In spite of that, in Committee in your Lordships' House the Government said that for the moment they would stand by the £20 million limit set out in the Bill. The noble Lord, Lord Bassam, said that he was,
"in the peculiar position of barking against my own party on this occasion".--[Official Report, 18/10/00; col. 1098.]
More significantly perhaps, he also said at col. 1099:
"If presented with a fresh consensus in favour of a lower figure, we would be prepared to reconsider the matter, but it is not one to be pursued on a unilateral still less a partisan basis".
There is now a fresh consensus on a lower figure and the Government should not pursue the £20 million limit on a purely unilateral basis. During consideration of the Bill we have removed from the calculation of total expenditure some important items, including utility bills, headquarters and staff costs and legal services. In part, that has led to a new Conservative position which has brought the Opposition into line with both the Labour Party and the Liberal Democrats.
At Committee stage the noble Lord, Lord Mackay of Ardbrecknish, proposed a national limit of exactly £15 million, while the noble Lord, Lord Hodgson of Astley Abbotts, argued for a very slightly lower limit. The Government would, therefore, be isolated if they sought to adhere to the limit of £20 million. I remind the Minister that he said that this matter should not be pursued on a unilateral still less a partisan basis. In future the electoral commission can review the limit and increase it if there is a new consensus, but for the moment the limit should be set at a lower level for which there is much greater consensus. It would be open to the Government to increase the limit on constituency spending, if they wished to do so, to make the total available nationally and locally consistent with the figure in the Neill report. That would help to address the imbalance between constituency and national spending. Let us have a national limit of about £15 million on which there is far greater consensus.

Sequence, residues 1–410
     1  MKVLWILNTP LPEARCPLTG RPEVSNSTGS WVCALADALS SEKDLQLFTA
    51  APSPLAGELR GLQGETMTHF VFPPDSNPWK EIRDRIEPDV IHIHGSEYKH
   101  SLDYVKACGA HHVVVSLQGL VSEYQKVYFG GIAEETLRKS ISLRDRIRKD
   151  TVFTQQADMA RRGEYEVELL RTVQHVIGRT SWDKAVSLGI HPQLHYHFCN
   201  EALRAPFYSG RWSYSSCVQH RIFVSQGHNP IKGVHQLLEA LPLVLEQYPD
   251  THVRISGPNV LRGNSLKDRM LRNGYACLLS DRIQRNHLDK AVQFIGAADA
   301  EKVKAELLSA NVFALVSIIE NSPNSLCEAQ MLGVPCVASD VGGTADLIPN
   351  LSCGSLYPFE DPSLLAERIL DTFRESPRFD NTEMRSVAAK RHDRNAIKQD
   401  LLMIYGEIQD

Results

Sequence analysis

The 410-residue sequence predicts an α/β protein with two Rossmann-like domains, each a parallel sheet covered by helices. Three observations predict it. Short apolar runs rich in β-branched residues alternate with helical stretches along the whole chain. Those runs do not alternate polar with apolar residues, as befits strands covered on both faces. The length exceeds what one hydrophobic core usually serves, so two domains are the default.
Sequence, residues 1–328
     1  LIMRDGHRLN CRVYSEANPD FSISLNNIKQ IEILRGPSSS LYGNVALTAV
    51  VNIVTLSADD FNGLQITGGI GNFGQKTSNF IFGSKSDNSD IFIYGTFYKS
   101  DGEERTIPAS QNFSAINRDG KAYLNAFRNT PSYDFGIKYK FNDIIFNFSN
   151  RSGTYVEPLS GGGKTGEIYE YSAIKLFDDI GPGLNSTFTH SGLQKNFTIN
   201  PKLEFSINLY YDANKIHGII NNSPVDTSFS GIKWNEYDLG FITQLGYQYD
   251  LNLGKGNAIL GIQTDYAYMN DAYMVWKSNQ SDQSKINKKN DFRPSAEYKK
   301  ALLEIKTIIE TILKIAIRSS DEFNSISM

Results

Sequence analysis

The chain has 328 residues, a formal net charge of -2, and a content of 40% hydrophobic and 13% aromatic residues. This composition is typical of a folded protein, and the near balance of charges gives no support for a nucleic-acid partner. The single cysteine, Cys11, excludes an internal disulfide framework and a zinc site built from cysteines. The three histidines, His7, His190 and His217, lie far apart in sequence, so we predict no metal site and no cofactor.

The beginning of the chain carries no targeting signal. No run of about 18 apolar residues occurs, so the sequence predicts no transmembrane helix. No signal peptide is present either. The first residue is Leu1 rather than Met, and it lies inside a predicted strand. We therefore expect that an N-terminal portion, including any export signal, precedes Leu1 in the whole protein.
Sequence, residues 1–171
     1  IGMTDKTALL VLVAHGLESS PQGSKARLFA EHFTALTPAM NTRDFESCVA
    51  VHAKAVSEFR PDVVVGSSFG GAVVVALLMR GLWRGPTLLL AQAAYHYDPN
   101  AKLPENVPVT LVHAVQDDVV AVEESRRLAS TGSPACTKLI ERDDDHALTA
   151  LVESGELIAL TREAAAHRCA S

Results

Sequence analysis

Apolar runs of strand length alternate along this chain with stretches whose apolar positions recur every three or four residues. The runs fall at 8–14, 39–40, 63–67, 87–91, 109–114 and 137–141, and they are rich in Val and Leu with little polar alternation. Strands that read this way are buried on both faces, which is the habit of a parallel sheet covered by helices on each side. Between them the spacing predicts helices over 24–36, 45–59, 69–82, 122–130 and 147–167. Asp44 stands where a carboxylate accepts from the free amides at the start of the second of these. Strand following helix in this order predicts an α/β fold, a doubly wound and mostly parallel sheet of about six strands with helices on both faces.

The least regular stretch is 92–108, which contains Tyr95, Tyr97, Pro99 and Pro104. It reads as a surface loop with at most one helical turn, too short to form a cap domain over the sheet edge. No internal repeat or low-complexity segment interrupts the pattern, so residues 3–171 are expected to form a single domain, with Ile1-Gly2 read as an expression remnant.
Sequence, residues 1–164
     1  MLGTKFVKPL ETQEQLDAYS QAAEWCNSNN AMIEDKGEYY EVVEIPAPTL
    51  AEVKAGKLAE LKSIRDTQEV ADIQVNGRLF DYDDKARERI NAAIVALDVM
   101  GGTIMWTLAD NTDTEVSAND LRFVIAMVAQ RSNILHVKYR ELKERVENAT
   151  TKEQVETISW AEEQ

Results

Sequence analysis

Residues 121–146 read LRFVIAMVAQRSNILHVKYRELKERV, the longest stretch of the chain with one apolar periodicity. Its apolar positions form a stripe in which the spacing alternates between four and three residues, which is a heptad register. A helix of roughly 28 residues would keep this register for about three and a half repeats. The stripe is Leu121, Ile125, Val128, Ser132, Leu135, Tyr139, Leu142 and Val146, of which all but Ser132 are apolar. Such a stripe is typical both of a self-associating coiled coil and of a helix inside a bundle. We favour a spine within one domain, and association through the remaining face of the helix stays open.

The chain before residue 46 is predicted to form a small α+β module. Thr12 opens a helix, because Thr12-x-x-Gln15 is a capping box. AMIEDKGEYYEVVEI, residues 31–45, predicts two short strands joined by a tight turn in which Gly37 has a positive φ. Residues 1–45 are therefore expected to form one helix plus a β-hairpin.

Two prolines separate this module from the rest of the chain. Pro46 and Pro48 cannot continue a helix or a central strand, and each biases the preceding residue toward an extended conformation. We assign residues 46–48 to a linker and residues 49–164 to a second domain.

My Lords, we have been round this particular course before. When I tried to persuade the Minister to accept a limit of £15 million instead of £20 million I failed fairly comprehensively. I am interested that my noble friend now returns to the matter but looks at it from the constituency upwards. I much prefer to look at it from the national limit already set downwards.
I am concerned by what the Government intend to do if there is to be an election in May. When will they tell the world at what level total expenditure is to be set? Obviously, it cannot be the whole £20 million because the period will be far shorter than 365 days. I am concerned that it should not be front-loaded. I seek an assurance from the Government that they will talk to the political parties so that they will know as soon as possible the figure that has been arrived at in conversations, I hope by consensus. It would be wrong if, following the new year, two or three months elapsed before the political parties had any idea of what they might be permitted to spend in an election to be held in May. I do not know how the Government will deal with that without committing themselves to a May election. But, frankly, they will have to do it because it is their Bill and they have wished this ludicrous situation on themselves as well as the other political parties. The people who run the Labour Party will want to know, as will the rest of us, how much they will be allowed to spend between whenever the Bill is enacted and the next election. I hope that the Minister will address that point in his answer.
My Lords, in Scotland we have an expression about coming up the Clyde in a banana boat. The noble Lord has been doing that. I am not joining him. I can assure him that that will not be part of the Labour Party's expenditure for the next election. That is probably why the Government are doing it--because the race will not start until the Bill has been enacted and the announcement about the money has been made. So I think they are trying to jump the gun. It perhaps shows that all the pious stuff we have heard from them about funding political parties and controlling general election expenditure is not quite as accurate as they would like us to believe.